Big league transition begins for Darvish

Big league transition begins for Darvish

SURPRISE, Ariz. -- Rangers pitcher Yu Darvish threw 19 pitches on Thursday that were literally seen, heard and read about around the world.

Darvish, with somewhere between 100-125 members of the media watching every pitch, threw five minutes of live batting practice during the Rangers' first workout for pitchers and catchers. Mike Napoli was his catcher, Minor League infielders Ryan Strausborger and Jurickson Profar were the two hitters and Triple-A pitching coach Terry Clark watched from behind the mound.

After the session was over, all involved were asked to assess the outing.

"He had good command of all of his pitches ... sinker, four-seam fastball, slider and cutter," said Profar, a 19-year-old middle infielder who played at Class A Hickory last year.

"He threw the ball on both sides of the plate with a nice easy motion," Clark said.

"Just another BP," Napoli said. "He had good command and threw all of his pitches. He was only going 80 percent. It was not like game speed but the ball was coming out of his hand pretty good."

Strausborger was asked if he was worried about hitting a line drive back to the mound right at the Rangers' prized offseason acquisition.

"His ball was moving too much for me to worry about hitting him in the head with a line drive," Strausborger said.

The session is now history. Despite the massive attention, the outing was just the first step for Darvish in getting ready for the regular season. That's why he is in Arizona and that's why the Rangers are here: to prepare their pitching staff and their team to get ready to compete in the American League during the regular season.

The Rangers have 32 pitchers they are trying to get ready for a season.

"This is not a Yu Darvish camp," pitching coach Mike Maddux said. "He is a part of the camp. He is one of 32 pitchers. That's the way he wants it. He wants to fit in."

Darvish was the center of attention during the club's first workout, but he did not let that faze him. He is used to the rock star treatment and was still able to get his work done even if Derek Holland pretended to be a television interviewer during the conditioning drills.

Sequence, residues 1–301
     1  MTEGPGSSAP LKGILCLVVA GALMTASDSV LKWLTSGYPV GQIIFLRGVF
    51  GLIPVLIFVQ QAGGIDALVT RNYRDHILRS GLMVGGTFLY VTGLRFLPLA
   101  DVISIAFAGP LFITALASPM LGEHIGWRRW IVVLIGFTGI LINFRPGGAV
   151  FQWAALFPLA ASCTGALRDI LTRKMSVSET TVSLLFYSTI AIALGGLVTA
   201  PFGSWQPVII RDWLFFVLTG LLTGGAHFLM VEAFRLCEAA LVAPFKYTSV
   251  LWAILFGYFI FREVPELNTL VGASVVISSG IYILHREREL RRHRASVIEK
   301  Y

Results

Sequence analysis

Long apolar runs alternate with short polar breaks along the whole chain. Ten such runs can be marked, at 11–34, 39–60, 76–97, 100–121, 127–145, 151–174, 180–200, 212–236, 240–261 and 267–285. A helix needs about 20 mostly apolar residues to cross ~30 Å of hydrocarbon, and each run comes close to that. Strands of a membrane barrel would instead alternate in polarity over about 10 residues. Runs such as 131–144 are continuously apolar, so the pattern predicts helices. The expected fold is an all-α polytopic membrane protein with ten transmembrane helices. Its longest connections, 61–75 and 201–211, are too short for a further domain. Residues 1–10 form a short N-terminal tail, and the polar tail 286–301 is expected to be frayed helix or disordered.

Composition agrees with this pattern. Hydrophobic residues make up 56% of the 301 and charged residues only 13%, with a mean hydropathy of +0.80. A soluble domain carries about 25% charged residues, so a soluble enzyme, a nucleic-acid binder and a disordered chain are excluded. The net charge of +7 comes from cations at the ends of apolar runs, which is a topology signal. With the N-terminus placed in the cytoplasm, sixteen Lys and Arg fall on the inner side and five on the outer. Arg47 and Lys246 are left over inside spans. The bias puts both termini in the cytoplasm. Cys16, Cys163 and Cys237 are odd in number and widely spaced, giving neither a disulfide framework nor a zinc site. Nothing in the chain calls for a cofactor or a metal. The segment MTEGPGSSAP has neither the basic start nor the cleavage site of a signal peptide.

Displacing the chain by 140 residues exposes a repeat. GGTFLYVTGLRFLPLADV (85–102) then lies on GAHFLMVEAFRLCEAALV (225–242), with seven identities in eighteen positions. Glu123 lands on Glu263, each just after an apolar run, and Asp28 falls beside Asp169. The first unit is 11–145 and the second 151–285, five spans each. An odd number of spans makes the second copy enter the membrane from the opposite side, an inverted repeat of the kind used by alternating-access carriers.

"I'm not here to play around," Darvish said through an interpreter during his first Arizona press conference. "I'm here to play baseball. That's what I do."

He will throw batting practice every other day leading up to March 2. That's when he will pitch against his teammates in the second of two intrasquad games. After that, it will be the Cactus League. The Rangers haven't announced when his first outing will be but Darvish will likely make six starts before the regular season and build up to about 105-110 pitches before it's over.

"The key for him will be not to do too much but just to play baseball," pitcher Colby Lewis said. "That's what he's done for the last seven years in Japan. He just needs to go out, have fun and not put too much pressure on himself. He has been great over there and I don't expect any less here. I don't see him doing anything different: take the ball 30-35 times and have fun doing it."

Like all pitchers, Darvish has a checklist of things to work on this spring.

"I just want to have good preparation to be ready, do my work and be careful health-wise, not to get hurt," Darvish said. "I feel strong. I feel like I will be able to pitch well. There is no certain plan to bring it to a [high] level. I'll make my starts in Spring Training and hopefully I'll be ready for Opening Day."

Darvish has to get used to an American baseball. The Japanese baseball is a touch smaller and not as slick as the one used in the Major Leagues. He needs to refine all his pitches. Darvish throws almost every pitch possible and doesn't even know himself exactly how many.

"It's not that I throw hard," Darvish said. "I have a lot of different pitches and I adjust each game. Each game I may have a different pitch that will be my out pitch."

He also has to adapt to the increased workload of a Major League pitcher and the different method of training. In Japan, the emphasis is throwing as much as possible between starts. In the Major Leagues, pitchers limit the amount of throwing between starts while emphasizing quality over quantity.

Darvish said he is looking forward to learning the American way of training. He also said that he has built himself up physically over the past two years to prepare himself for the rigors of a Major League season.

"When I was younger, I was very thin," Darvish said. "But I worked hard at my training and was able to put on good strength. I think I've built up my body to be the equal of these guys. Skill-wise, we'll see. But physically, I match up to these guys."

Thursday's throwing session allowed him to do one important thing. He got to throw to Napoli for the first time. Darvish also spoke with catcher Yorvit Torrealba and will throw to him as much as possible this spring.

"I'm going to sit down with him just like I would with every other pitcher," Napoli said. "I told him anything he wants me to do, I'll do it. I go through that with every other pitcher. It's not any different with him. Today was like last year when I caught Derek for the first time."

There just weren't as many cameras around.

"A little postseason pandemonium in Spring Training," Maddux said.

Spring Training is under way and now Darvish must focus on preparing for a Major League season. He is not playing around.

"Wearing that uniform makes me feel a part of the team," Darvish said. "Now, I have a responsibility to take care of."

T.R. Sullivan is a reporter for MLB.com. Read his blog, Postcards from Elysian Fields, and follow him on Twitter @Sullivan_Ranger. This story was not subject to the approval of Major League Baseball or its clubs.